Tag Archives: Compassion

Mindfulness on a Rainy Day

Today’s post is going to be a little shorter than normal. Why write more words than you have to?

As I mentioned last week, the weather here in Ontario has been unusual in all sorts of different ways over the last few years. We have finally seemed to drift away from the summer-like heat of September and early October, but we’re continuing to experience the same kinds of heavy rainstorms we did this past spring and summer.

Yesterday was a particularly drizzly day. We didn’t get many millimetres of rain, but it did rain off and on so frequently that it felt like the world was always going to be this damp. What made me giggle about this thought was that only a few days ago I felt like the world was going to remain hot and humid forever.

Oh, how things change. Sometimes it happens when we least expect it, too.

I stood in front of my window and watched the rain fall. There weren’t any particular thoughts rolling through my mind in that moment. It was relaxing to watch the people, cars, and bicyclists pass by on the ground below me.

Suddenly, I remembered a story from my childhood that had to do with rainy days and the things people do on them.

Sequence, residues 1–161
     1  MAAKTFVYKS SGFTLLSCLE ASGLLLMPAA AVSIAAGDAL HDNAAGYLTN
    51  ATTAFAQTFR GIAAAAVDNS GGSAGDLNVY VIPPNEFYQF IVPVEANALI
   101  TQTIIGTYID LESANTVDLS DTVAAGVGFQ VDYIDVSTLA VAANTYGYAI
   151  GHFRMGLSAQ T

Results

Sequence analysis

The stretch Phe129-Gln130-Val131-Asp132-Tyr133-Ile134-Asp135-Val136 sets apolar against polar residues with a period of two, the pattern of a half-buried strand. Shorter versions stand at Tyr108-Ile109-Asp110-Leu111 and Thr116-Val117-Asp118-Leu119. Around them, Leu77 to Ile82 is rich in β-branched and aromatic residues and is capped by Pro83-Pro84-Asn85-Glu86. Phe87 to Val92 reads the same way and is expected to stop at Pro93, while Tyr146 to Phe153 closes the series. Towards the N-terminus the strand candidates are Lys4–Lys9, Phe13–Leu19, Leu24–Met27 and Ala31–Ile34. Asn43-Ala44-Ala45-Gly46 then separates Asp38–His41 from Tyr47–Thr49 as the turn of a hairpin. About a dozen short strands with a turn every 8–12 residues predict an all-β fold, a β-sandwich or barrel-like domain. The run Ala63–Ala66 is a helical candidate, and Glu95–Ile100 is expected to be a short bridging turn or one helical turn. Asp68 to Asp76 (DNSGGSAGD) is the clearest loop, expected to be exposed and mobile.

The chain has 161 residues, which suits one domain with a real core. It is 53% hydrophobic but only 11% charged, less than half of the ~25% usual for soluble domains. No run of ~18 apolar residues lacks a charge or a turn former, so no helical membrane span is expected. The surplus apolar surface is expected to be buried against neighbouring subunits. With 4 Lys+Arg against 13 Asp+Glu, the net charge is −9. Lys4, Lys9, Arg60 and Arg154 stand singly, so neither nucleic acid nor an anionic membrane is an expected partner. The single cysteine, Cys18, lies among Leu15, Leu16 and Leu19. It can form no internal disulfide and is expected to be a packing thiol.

Old Memories Surfaced

When I was a child, I loved going out for long walks in the rain. My mother didn’t know this at the time, but I used to collect some of the earthworms that crawled onto the sidewalks when the ground became too soggy to hold them.

Some of those worms came home with me if I thought they weren’t strong enough to survive outside or if I hadn’t already picked up my fair share of them during the current storm. Sometimes people accidentally stepped on worms on the sidewalk. It made me sad to see them injured. I tried my best to help out the ones I could. There was an aquarium filled with soil and plants in my bedroom where they could live safely, so that’s where I put them.

A year or two later, my family moved a few thousand miles away. One of the many things we did before we packed up the moving van and began a new chapter of our family’s adventure in the same state my siblings and I were born in was to take that aquarium and dump the soil (and earthworms!) into our backyard. I assume we repotted the plants as well, but I don’t remember that part of that day.

It wasn’t until all of the soil had been dumped out that mom noticed there were an extremely large number of plump, healthy worms wiggling around in it. I believe I told her what I’d been doing at that point and that she was surprised by it. One of my strongest memories of that day was feeling surprised that she hadn’t noticed what I’d been up to. I’d always assumed that she had ways of knowing everything her kids did!

It’s funny how a storm can dredge up half-forgotten moments like that. I hadn’t thought about that memory in years.

Mindfulness Through It All

The rain continued to fall yesterday. I saw people scurrying on the street below. They stayed close to the buildings and other covered parts of the street. Maybe that was why I only saw a handful of opened umbrellas being used down there? The sidewalk was quite damp, but there weren’t too many big puddles on the ground.